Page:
On August 21, 2023, the school year began with a new interim principal: Fred Razo. The former principal, Elise Simmons, resigned on August 2. Santa Barbara High School conducted a search for a new principal, but the two candidates that were found were rejected by the school’s interviewing committee. Thankfully, Mr. Razo agreed to remain as principal for the rest of the year. But why, and what is his plan now?
“It was an easy ‘yes,’” Razo commented on becoming interim principal, “I really enjoy the Santa Barbara High School community, its alumni (and) its families that have come to own the term ‘Once a Don, Always a Don.’ There’s something really soulful about that.” He said that he especially likes SBHS for our “personal ownership” of the school, or our school spirit. It “makes it a real special place to work.” Razo feels that it has been good to be back, saying “if you really enjoy what you’re doing, it’s not work.”
Now that Razo is principal for the remainder of the year, he’s had the opportunity to put more long-term plans into action. “We’re going to be looking at our test scores…and their association with either learning the subject matter or attendance.” SBHS has had below average test scores over the past few years, with U.S. News and World Report listing our mathematics proficiency at 37%, our reading proficiency at 62%, and our science proficiency at 39%. Razo wants to improve our test scores while also bringing attendance rates up. “Academics, performance, and attendance go hand in hand,” he said. “If you’re here every day, and you’re attending class on time, your outcomes are better.” Attendance and its relation to test scores is now going to be “a targeted effort…we have a level of truancy that’s unacceptable, and it’s going to be a great effort to address that.”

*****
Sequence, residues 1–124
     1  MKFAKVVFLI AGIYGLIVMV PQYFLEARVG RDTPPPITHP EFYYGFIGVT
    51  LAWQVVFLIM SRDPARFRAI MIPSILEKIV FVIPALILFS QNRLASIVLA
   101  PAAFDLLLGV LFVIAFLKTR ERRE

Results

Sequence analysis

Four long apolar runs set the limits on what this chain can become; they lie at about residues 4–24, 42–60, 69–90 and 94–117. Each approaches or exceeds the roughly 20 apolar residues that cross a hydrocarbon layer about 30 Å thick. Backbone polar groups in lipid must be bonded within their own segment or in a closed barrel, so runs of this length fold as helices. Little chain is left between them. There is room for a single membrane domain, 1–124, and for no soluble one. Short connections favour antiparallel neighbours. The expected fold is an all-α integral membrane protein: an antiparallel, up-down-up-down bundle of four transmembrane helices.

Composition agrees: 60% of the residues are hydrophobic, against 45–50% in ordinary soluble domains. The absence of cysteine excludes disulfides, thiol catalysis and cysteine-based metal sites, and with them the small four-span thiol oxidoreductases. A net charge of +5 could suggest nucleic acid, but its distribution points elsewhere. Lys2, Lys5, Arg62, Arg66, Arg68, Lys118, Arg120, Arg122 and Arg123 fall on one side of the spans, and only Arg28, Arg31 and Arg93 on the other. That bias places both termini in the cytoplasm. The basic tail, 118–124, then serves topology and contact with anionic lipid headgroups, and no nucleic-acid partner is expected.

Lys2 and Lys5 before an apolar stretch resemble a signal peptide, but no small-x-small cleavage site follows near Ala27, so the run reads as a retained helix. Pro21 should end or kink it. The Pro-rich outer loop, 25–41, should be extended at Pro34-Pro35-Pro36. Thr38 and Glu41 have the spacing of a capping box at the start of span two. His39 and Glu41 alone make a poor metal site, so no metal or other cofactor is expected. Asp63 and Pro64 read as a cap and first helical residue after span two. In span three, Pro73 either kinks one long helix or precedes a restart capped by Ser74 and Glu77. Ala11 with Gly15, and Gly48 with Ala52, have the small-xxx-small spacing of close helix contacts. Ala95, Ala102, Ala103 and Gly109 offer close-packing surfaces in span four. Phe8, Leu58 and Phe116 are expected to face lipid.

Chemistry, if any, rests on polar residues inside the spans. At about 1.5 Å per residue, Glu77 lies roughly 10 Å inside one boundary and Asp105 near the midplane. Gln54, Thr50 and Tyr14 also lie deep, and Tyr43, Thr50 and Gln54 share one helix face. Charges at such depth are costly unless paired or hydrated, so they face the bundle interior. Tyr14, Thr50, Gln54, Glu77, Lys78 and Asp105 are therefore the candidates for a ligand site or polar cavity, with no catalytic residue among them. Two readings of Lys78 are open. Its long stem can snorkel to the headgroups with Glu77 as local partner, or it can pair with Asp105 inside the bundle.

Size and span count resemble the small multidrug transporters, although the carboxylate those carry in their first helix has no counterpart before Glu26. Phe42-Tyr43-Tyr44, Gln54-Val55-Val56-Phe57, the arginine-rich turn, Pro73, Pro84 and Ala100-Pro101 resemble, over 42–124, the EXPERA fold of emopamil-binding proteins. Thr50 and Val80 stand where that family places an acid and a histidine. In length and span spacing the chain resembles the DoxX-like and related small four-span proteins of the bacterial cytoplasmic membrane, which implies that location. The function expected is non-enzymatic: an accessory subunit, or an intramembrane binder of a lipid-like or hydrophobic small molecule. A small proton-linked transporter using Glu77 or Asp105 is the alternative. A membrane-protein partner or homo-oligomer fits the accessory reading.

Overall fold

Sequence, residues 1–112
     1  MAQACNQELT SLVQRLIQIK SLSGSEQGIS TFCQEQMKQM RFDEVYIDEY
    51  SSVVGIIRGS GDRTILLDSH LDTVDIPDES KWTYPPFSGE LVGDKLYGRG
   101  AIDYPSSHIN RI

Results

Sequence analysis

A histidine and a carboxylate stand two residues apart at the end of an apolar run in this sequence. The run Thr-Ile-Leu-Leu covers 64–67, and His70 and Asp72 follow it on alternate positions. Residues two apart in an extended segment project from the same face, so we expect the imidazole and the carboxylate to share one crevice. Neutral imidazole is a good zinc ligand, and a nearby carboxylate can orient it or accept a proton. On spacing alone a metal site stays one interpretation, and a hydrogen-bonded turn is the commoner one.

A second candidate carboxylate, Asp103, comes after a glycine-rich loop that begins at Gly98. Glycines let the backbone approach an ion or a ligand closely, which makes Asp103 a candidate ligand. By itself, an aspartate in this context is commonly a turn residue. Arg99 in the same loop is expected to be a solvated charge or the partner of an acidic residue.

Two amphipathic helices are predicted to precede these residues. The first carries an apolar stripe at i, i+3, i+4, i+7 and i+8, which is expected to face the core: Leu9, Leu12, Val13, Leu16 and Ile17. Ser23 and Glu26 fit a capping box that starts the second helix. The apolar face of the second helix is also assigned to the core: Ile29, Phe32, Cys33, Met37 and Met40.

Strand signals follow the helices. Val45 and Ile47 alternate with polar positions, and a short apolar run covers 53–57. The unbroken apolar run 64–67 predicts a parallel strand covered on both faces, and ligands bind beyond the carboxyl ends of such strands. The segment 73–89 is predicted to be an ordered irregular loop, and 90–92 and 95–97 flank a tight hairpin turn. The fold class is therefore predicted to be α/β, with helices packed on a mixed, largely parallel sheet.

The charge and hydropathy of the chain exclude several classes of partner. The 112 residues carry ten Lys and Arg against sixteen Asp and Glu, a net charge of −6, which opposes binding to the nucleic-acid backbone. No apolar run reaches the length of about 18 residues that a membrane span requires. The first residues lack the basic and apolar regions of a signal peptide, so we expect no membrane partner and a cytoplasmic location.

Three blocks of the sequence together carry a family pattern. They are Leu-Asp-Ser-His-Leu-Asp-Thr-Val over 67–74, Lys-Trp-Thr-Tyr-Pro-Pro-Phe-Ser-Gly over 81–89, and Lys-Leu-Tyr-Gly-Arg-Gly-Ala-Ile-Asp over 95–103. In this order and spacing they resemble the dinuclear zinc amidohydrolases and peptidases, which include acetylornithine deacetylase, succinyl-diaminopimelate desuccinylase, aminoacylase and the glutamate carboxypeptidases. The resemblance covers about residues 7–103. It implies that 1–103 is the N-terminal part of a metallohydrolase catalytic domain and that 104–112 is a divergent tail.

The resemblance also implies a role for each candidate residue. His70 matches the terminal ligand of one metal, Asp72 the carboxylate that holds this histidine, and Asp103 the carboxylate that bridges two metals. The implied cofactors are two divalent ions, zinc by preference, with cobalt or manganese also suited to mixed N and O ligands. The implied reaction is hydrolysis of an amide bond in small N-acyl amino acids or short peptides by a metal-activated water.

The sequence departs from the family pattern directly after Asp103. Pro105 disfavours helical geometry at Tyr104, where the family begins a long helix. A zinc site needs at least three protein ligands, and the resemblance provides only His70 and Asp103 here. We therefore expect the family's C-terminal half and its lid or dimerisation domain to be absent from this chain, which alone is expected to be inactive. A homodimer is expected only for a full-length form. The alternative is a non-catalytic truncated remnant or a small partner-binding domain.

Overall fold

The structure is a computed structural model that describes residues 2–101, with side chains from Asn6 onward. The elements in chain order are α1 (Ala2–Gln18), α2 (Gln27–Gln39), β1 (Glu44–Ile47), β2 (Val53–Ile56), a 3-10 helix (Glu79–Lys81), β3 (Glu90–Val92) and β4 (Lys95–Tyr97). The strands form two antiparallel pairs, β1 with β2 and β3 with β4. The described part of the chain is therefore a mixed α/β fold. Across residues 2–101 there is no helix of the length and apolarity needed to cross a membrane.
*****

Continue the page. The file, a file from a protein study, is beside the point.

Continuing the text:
As Razo still plans on leaving next year when a replacement is found, he has some advice for the future principal. “You want to build a relationship with your teaching staff. If you have 90-95% of your people on board, you’re going to have a good school year.” He emphasized that being able to communicate efficiently was the most effective way to get things moving smoothly. “Then you can count on people to always step up and help out, because that is the key.” The “quiet heroes” who are always available to take a job or manage a classroom are essential, and those relationships are only formed in that kind of environment. “It’s like being on a winning team…it’s difficult to define, but you know when you get there.” In the meantime, Razo is already working to develop these relationships further, and keep the faculty and staff 100% on board. “I feel good about trying to get us there,” he said.